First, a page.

Ten reasons why well trained and skilled midwives are important:

  1. Midwives care for women’s well being from pre-conception throughout pregnancy.
  2. Midwives assist women in having a safe and positive birth.
  3. Midwives promote normal birth.
  4. Midwives ensure the wellbeing of mothers and their newborns in the postnatal period.
  5. Midwives are trained to access appropriate medical assistance and perform emergency procedures where necessary.
  6. Midwives play a vital role in promoting sexual and reproductive health of women.
  7. Midwives advocate and empower women and mothers which in turn strengthens communities.
  8. Midwives focus on health promotion and disease prevention, viewing pregnancy as a normal life event.
  9. Midwives are a ‘best buy’ in primary health care.
  10. Midwives are the cornerstone of primary health care.

Skilled, highly trained midwives who value compassion and dignity are integral to communities around the world. Not only do they provide essential life-saving care to women and newborns, but they provide care and support to women far beyond what can be captured by research and statistics and play a pivotal role in empowering women and thus communities.

It is time to give midwives the respect they deserve.

 

Cover Photo Credit: Erling A, Flickr Creative Commons

Let’s Celebrate Midwives!

The International Confederation of Midwives held an awards ceremony today to honor and celebrate midwives from around the world. Save the Children, ICM, USAID and IPAS were some of the organizations who presented awards. Midwives have a unique opportunity to transform the data released in the recent State of the World’s Midwifery report into effective action for their countries. We had the opportunity to speak to some of these amazing awardees and they are outstanding examples.

Ponita Rani Raha, Bangladesh, Save the Children/ICM 2014 International Midwife of the Year Award

Ponita

Pronita is a member of a small group of practicing midwives in Bangladesh. She is committed  to saving the lives of mothers and newborns, and has helped formulate the midwifery curriculum in her country. She is a role model for other midwives around the world.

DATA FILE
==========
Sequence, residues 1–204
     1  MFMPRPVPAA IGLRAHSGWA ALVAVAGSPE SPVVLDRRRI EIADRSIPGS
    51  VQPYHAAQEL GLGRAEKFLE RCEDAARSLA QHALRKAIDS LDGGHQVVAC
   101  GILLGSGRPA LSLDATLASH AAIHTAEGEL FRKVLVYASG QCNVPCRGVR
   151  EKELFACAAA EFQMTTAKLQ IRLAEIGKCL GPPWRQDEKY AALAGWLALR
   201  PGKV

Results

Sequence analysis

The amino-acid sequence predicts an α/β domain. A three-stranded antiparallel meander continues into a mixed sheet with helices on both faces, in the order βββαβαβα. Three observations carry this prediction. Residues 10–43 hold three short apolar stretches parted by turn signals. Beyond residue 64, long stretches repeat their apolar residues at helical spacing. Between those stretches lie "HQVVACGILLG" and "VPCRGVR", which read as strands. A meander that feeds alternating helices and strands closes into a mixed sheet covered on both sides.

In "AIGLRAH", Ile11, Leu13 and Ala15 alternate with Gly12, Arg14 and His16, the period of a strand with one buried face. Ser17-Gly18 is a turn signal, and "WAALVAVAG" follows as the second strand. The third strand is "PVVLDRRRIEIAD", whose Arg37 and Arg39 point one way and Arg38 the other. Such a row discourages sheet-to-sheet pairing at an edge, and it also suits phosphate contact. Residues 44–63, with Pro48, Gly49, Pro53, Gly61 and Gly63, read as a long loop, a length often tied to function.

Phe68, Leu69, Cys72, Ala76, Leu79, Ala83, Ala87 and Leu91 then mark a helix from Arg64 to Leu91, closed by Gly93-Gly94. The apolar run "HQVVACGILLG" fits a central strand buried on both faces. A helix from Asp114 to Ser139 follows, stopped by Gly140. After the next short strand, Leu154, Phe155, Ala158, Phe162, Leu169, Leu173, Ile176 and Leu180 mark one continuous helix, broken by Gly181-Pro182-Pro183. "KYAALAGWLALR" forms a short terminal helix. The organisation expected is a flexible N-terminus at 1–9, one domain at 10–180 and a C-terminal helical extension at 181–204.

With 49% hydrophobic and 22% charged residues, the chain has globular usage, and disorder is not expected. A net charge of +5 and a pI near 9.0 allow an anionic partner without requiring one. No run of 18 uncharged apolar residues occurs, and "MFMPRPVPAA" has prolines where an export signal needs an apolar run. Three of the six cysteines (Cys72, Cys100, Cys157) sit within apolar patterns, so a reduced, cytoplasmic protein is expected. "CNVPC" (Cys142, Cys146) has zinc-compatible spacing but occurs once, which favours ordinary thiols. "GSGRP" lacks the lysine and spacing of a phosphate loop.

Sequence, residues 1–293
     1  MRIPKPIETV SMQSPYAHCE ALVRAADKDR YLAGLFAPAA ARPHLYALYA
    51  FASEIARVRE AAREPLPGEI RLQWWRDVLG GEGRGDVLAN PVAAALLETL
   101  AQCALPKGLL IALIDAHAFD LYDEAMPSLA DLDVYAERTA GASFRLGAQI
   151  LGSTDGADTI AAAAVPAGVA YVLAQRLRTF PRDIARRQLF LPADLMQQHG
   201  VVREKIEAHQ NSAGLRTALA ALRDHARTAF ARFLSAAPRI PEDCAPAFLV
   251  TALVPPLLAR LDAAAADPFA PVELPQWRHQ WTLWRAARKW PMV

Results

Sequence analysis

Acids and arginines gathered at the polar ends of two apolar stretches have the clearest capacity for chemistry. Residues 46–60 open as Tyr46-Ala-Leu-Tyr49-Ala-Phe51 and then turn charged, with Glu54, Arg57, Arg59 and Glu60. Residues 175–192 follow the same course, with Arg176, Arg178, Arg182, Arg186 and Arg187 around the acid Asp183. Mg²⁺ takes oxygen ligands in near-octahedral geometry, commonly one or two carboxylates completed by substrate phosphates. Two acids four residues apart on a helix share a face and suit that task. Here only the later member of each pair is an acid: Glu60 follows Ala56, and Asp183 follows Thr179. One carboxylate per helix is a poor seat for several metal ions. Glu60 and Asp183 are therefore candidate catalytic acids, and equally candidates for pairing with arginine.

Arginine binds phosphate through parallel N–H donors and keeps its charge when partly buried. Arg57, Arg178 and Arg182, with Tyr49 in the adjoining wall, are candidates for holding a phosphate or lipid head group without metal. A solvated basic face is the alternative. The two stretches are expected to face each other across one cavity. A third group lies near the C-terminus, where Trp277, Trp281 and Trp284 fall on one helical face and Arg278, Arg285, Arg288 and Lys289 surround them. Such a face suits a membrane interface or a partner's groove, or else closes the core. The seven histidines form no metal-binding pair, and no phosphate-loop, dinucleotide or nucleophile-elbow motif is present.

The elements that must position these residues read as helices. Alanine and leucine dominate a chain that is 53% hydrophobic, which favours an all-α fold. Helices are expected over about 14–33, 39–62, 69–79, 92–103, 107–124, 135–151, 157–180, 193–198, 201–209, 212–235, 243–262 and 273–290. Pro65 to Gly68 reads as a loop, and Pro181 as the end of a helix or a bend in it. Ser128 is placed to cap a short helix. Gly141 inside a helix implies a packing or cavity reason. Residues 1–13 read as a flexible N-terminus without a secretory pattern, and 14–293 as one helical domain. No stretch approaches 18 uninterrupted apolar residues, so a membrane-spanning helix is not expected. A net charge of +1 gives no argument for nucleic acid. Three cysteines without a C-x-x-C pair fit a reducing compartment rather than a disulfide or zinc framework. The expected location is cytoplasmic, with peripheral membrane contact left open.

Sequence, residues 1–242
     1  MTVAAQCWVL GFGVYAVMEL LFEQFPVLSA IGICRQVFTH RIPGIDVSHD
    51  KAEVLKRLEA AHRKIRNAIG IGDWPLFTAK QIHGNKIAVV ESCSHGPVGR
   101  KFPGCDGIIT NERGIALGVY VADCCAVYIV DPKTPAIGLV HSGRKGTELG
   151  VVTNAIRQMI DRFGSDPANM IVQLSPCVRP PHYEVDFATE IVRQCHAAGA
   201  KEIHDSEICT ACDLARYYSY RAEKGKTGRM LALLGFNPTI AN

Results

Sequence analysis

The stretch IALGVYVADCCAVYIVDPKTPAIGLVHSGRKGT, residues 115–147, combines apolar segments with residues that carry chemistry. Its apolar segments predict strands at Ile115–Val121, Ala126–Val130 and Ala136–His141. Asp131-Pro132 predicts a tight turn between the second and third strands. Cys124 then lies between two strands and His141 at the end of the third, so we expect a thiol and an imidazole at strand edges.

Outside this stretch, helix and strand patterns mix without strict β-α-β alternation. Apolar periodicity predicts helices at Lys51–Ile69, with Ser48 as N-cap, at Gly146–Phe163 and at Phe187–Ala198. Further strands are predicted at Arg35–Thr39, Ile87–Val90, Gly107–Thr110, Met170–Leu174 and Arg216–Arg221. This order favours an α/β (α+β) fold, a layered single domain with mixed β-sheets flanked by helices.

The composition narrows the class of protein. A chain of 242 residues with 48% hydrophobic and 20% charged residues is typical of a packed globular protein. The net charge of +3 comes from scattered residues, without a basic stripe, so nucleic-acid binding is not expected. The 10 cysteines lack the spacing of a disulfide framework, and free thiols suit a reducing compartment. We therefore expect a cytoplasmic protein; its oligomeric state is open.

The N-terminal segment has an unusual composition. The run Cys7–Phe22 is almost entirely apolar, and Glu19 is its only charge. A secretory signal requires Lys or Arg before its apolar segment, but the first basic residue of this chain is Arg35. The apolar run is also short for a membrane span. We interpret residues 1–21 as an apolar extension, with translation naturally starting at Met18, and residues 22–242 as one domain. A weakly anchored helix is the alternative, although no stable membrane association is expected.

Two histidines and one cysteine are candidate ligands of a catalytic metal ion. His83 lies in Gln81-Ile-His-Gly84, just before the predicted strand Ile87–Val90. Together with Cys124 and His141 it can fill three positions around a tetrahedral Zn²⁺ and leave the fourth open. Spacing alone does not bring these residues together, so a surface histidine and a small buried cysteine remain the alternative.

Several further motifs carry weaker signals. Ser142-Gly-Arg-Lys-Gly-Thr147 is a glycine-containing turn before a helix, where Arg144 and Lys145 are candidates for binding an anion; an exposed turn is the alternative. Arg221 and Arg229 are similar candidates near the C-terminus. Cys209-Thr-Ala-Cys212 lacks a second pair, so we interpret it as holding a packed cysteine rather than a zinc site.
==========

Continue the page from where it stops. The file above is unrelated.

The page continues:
Agnes Kasaigi, Uganda, Save the Children/ICM 2014 International Midwife of the Year Award

AgnesAgnes Kasaigi, a career midwife in charge of the maternity unit at Uganda’s Buwenge Hospital. She is an expert in helping revive babies who have trouble breathing at birth and a trained facilitator of the Helping Babies Breathe program.

 

Serra Chanachi, Malawi, USAID Fellowship Awardee

SerraSerra Chanachi is a Malawian registered nurse-midwife with experience in reproductive health, maternal and child care, and primary care.

 

Yvonne Delphine, Rwanda and USAID Fellowship Awardee

YvonneYvonne is a midwife in Rwanda and received the ICM/USAID Family Planning Fellowship. This offers her an opportunity to bring increased attention to the importance of family planning and the critical role that midwives play in her country.

 

 

Anita SaySay Varney, Midwife from Liberia and USAID Awardee

AnitaAnita is a midwife in Liberia and received the ICM/USAID Family Planning Fellowship. This offers her an opportunity to bring increased attention to the importance of family planning and the critical role that midwives play in her country.

 

Ashiat Ajibola Ganiyu, Midwife from Nigeria and USAID Awardee

AshiatAshiat is a midwife in Nigeria and received the ICM/USAID Family Planning Fellowship. This offers her an opportunity to bring increased attention to the importance of family planning and the critical role that midwives play in her country.